AFI: Should a driver keep the same helmet design through their career?

CI: I actually changed my helmet design from a black background to white for this season so I have to say yes don’t I? I’ve got a great helmet painter; Mike Fairholme. He paints my Arai helmet, my preferred brand since I started karting and the one that I trust. Mike has helped me develop and refine the design. Each year we’ve made little tweaks but I’ve tried to keep the core design using stylised versions of the letters in my surname, the ‘I’s being the go faster zig zags on the side.

Ilott helmet

I do think the fans like to see drivers make changes to the helmets sometimes, maybe a one-off race or to mark an occasion. I know Lewis’ competition for fans to design his helmet had huge interest. Change can be good!

AFI: Which race do you think would be hardest to win – Le Mans 24 hour, Indy 500, or Monaco F1 GP?

CI: I haven’t driven in any of them (yet!) so I’m probably not the best placed person to answer. Le Mans is so tough on the driver, team and car, with so many more variables that would be very tough. For Monaco, overtaking means it is very tough to be able to win. You have to be on the front row or have some luck with a safety car or pitstops. Indy 500 is a very different discipline. It’s been fascinating to watch Alonso approach the race this year. It would be a fairy-tale if he could win that for McLaren. Might mean a spare seat in F1 too….

AFI: How physical is it to race a single seater?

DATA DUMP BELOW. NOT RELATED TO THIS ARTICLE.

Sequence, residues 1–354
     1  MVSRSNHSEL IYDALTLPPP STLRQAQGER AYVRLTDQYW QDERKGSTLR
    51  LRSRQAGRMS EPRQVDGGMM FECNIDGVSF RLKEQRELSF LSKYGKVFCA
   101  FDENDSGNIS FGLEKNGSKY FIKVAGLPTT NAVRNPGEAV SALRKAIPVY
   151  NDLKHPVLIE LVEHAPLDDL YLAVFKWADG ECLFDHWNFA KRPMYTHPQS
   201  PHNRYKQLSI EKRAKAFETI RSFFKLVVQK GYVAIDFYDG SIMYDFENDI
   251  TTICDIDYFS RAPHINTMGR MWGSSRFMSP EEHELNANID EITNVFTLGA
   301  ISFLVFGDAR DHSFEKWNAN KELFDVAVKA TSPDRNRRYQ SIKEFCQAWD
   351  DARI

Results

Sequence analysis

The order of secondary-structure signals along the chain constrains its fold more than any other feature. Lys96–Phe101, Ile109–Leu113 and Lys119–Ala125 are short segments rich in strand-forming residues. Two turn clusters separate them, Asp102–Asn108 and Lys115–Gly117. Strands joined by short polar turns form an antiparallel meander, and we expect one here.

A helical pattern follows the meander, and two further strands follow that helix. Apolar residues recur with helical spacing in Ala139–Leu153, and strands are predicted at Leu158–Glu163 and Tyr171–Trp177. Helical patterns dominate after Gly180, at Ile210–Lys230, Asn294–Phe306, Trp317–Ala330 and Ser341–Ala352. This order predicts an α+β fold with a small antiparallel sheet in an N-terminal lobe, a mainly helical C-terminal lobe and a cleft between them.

CI: It really depends on the type of single seater. In the junior categories, the cars don’t generate much downforce and run on narrow tyres. An F3 car does generate quite bit of aero but it’s not a physical car to drive like say, an F2 car. The F2 spec car I tested in Abu Dhabi last year was another step up; it’s more power and no power steering. So, you need good overall aerobic fitness along with neck, leg and arm strength to get the best out of it. I’ve spent this last winter focussing on strength training and we’ve now got this Ninja-warrior-like climbing frame apparatus to work on. This is definitely helping me build upper body strength.

Ilott in single seater

AFI: Who are your inspirations, within motorsport and away from motorsport?

CI: In motorsport I’ve got to say it is Billy Monger. Billy and me karted together and to see how he has responded to his accident beats anything I’ve seen on track for inspiration. His approach and spirit is mind blowing. Nothing else compares to that.

AFI: What’s your ultimate goal?

CI: My goal is to race in F1, it has been my aim since that trip to Rye House and I will be doing everything I can to get there. This year is key to achieving that; my aim is to win the championship to take me to F2. We’ve started the year well and after Pau, we are very much in the mix. It’s a tight championship with four of us in the hunt now. I must do everything I can to win. I’ve got a great team to support me and special thanks to people such as Adrian Flux for investing in me and in motorsport in general. It’s really appreciated. Maybe one day I’d be keen to chase the Triple Crown too – seeing Alonso make his mark on Indy 500 is fascinating, and let’s face it doing Le Mans would be very cool.

ilott podium